What is community and separate property?

Separate property is generally defined as any property owned by either party prior to their marriage, any property received by them by gift or inheritance after their marriage, and any income earned after separation. Separate property also includes the rents, issues, profits, interest income, etc. that are generated by separate property. Provided that the separate property is not co-mingled with other community property, such property will remain the separate property of the spouse who earned/received it.

All property acquired by married people during the course of their marriage is presumptively community property. This includes the rents, issues, profits, interest income, etc. that are generated by community property. Community property also includes the efforts of each spouse (significant in family owned businesses) as well as all wages earned by either spouse during marriage.

In California, in a dispute over whether property is separate or community, the party alleging that a particular item is their separate property has the burden to prove that the item in question was acquired by gift, devise, descent or bequest, or that the item/income was from an asset acquired prior to marriage or after the date of separation. This generally requires a tracing of the asset owned during marriage to be proved owned prior to marriage (i.e. a tracing)

It is a common occurrence that one party’s separate property is used in part to acquire property during the marriage (i.e. to make a down payment on a family residence). Depending on the circumstances, as well as the party’s ability to prove that the down payment came from their separate property, property so acquired may be characterized as a “mixed” asset in which case, both the community and separate property components each receive a “pro tanto” rate of return on their respective contributions toward the acquisition of the property.

Upon dissolution, the court (either after trial or pursuant to a settlement agreement) will order the community property divided equally between the spouses. The division need not be exact, but should be a “fairly equal” division. Some items may be sold (i.e., the family home). Other items may be awarded in whole to either spouse depending upon his or her connection with the item. If one spouse is primarily responsible for a business, the court will likely award the business to that spouse, and make up for the community property interest of the other spouse in the business by awarding him or her other assets, or money. Alternatively, the spouse with the business may be ordered to “buy out” the other spouse’s community property interest.

It is important to note, that for purposes of dividing property at divorce, the form of title to any item of real or personal property may be irrelevant. Therefore, although the marital home may be titled in the name of just one spouse, if payments on the mortgage or trust deed are made with community property funds, there will be a community property interest in the property in proportion to the community funds used to improve the value of the property, or pay down the principal on any debt. Property titled as “joint tenants” (with rights of survivorship) likewise may be divided by the court as community property. Nevertheless, at death, the rules of joint tenancy will operate to pass the entire joint tenancy item to the survivor. For this reason, a person involved in divorce should consult his or her attorney promptly regarding the changing of title of items held in joint tenancy with the other spouse. In the event of death prior to the entry of a judgment terminating the marriage, the joint tenancy item would pass to the surviving spouse rather than to the estate of the deceased spouse (the exception to this rule is if the property issues have not been resolved within four (4) years after judgment is entered terminating the marriage). In making any such changes, however, care must be taken not to violate the automatic temporary restraining orders which go into effect upon the filing of the Summons and Response as to the Petitioner, and the service of the Summons as to the Respondent. It is therefore highly recommended that counsel be consulted on this issue prior to making any changes.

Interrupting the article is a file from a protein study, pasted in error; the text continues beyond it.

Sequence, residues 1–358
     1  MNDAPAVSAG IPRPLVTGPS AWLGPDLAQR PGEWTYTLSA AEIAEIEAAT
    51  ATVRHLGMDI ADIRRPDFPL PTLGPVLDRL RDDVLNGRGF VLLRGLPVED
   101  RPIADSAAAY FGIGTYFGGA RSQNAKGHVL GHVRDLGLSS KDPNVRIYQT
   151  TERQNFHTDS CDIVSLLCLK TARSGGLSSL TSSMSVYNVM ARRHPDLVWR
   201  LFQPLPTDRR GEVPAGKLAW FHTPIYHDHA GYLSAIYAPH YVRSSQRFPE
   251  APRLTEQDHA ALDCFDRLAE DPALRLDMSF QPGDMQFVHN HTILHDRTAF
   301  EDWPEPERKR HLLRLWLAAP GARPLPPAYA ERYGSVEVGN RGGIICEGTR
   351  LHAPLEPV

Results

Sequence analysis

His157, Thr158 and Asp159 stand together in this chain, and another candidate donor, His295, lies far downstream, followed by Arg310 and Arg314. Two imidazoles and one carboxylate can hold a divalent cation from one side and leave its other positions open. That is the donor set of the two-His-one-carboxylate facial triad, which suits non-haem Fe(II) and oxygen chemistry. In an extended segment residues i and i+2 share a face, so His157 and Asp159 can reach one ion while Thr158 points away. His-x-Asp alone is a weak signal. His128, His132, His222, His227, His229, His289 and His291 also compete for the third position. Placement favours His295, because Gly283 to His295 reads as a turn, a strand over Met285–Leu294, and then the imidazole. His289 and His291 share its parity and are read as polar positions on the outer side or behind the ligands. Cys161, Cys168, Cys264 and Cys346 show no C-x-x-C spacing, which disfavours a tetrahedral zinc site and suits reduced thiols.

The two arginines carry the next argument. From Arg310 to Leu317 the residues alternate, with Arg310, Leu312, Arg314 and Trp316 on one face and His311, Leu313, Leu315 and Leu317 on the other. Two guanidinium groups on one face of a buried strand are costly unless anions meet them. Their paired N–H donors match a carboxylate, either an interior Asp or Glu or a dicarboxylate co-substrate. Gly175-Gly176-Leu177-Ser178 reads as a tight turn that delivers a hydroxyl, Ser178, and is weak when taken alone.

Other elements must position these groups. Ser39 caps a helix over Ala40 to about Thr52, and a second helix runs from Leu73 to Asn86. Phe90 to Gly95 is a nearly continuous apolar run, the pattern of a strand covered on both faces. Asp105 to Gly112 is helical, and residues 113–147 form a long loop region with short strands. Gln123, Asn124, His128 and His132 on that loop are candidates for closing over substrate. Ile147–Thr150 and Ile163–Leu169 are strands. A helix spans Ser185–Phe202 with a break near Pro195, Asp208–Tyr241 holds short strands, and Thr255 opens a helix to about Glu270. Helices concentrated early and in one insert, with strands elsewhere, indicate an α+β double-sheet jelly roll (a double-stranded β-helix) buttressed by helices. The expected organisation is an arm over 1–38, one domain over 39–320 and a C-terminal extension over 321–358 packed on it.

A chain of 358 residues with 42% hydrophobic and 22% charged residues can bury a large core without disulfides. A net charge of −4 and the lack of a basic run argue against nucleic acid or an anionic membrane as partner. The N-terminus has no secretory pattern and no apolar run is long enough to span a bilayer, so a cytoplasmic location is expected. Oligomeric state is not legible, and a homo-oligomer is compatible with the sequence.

How can I ensure that I am getting all that I am entitled to, if I don’t know what my spouse’s income is, or what assets exist?

It is not uncommon to have one spouse that is not fully aware of the family’s financial situation. Sometimes, this is because that spouse simply trusts the other spouse to handle all of their financial matters. Other times, it is because the other spouse actively hides or misrepresents the truth or never included the “out spouse” with much financial information during the marriage because it was standard routine for the managing spouse to handle all finances while the other spouse chose to handle other duties and responsibilities of the marital household.

Regardless of the reason, if you are not aware of your spouse’s income or the extent of your assets/savings, there are simplified procedures available to obtain the information necessary to ensure that you receive an equal division of the community estate, as well as appropriate support. That may include serving discovery on the other party or on third parties (i.e. subpoenas for bank records), or retaining experts such as forensic accountants to trace assets, or hiring business or property experts to value assets.

My spouse has looted our bank account, and I don’t have immediate access to funds. Can I still retain your firm?

On a case by case basis, we try to work with potential clients to find creative ways to help them in their family law matters. Depending on the facts, we may be able to work with you to help you get into court right away to seek an attorney fee order, or an order for the return of misappropriated funds, so that you can get the monies necessary to retain our firm and any experts you may need to retain. Please feel free to call us to discuss your options.